Updated 3:44 p.m.
In a new survey conducted by a leading group of defense attorneys and in-house counsel, more than four out of 10 respondents said they doubted the fairness of civil courts.
All in all, 41 percent of those polled said they harbored such doubts. Just 9 percent said they were very confident that civil court results were "just and fair" — and 16 percent said they had no confidence the results were fair.
Respondents also concluded that they would much rather have their cases heard by juries than judges.
According to the poll, released September 12 by DRI—The Voice of the Defense Bar, even though people view judges as being fairer than juries, 64 percent said they would prefer a jury trial to a bench trial.
The poll found that 69 percent of respondents said judges mostly base their decisions on facts and the law rather than personal opinion. But respondents were split on whether juries make decisions based on facts and the law or personal opinion.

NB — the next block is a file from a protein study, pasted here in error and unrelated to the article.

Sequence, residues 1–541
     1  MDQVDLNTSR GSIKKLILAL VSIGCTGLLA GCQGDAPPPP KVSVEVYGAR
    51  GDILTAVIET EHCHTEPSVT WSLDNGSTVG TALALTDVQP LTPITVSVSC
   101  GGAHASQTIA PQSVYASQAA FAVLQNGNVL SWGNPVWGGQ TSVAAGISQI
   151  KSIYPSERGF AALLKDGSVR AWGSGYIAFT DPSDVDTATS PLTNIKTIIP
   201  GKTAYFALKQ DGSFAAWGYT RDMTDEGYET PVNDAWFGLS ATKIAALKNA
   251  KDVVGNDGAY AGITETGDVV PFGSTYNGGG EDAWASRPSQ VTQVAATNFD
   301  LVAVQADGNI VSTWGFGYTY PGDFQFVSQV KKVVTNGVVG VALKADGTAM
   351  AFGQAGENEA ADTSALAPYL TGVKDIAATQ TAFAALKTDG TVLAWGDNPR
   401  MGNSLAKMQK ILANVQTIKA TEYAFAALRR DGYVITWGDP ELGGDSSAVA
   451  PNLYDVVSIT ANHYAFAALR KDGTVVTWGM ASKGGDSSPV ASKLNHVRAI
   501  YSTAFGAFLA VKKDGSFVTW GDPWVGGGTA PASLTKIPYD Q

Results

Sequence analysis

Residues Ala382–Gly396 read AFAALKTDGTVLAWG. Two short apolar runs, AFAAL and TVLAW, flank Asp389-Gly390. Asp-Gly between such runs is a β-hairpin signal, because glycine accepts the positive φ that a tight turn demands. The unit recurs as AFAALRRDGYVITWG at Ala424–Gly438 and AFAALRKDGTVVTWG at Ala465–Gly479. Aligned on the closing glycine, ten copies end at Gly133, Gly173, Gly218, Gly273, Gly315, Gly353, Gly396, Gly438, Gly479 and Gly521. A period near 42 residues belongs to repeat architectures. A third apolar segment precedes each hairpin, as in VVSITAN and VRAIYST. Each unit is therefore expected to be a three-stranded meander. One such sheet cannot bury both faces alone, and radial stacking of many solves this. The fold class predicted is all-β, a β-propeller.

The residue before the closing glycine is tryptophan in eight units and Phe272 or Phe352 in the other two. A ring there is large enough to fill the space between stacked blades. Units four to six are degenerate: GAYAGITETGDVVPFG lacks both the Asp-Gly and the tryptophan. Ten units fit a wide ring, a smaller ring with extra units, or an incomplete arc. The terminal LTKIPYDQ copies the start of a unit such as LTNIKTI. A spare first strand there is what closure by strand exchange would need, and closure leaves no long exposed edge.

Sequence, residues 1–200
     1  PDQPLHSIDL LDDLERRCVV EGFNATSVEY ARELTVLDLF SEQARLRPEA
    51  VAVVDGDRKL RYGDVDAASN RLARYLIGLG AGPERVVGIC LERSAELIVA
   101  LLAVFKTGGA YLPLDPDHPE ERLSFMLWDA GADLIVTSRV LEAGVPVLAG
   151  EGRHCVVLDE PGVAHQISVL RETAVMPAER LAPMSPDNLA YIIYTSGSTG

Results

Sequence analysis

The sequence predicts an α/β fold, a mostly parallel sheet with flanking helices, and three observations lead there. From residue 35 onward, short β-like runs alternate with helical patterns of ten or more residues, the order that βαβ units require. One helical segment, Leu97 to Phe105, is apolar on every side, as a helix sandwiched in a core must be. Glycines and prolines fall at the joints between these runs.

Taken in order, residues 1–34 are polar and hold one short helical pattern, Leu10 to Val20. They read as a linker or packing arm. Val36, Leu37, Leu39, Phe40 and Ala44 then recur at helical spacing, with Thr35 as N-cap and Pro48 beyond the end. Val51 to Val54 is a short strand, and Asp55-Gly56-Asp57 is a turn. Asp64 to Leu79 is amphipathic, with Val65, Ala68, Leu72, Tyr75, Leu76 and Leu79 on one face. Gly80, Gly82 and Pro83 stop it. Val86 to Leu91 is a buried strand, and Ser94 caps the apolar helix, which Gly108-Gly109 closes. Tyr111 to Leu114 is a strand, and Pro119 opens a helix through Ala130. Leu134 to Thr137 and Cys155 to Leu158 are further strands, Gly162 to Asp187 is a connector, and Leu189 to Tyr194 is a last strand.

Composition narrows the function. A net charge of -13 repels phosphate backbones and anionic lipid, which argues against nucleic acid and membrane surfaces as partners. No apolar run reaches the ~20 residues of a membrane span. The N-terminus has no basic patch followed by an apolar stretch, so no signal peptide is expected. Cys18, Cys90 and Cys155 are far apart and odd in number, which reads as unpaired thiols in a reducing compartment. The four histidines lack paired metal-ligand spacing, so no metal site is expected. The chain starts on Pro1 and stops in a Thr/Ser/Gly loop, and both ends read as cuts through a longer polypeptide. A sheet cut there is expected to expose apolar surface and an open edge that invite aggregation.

Many respondents openly admitted that their personal biases would affect their decisions as jurors. That included almost 6 in 10 who said they would favor individuals in cases against insurance, oil or financial companies. In a similar vein, about two out of three respondents said they thought class action suits made corporations more responsible.
Langer Research Associates of New York conducted the study for DRI from August 15-19. The results were based on 1,020 phone interviews.
John Kouris, DRI's executive director, said the poll indicated that "a surprisingly large number of Americans are not confident in civil justice system…[I was] surprised that so many people showed a lack of confidence."
Kouris noted that his group undertook the poll "with the understanding that we were going to publish results whether we as an organization agreed with findings or not."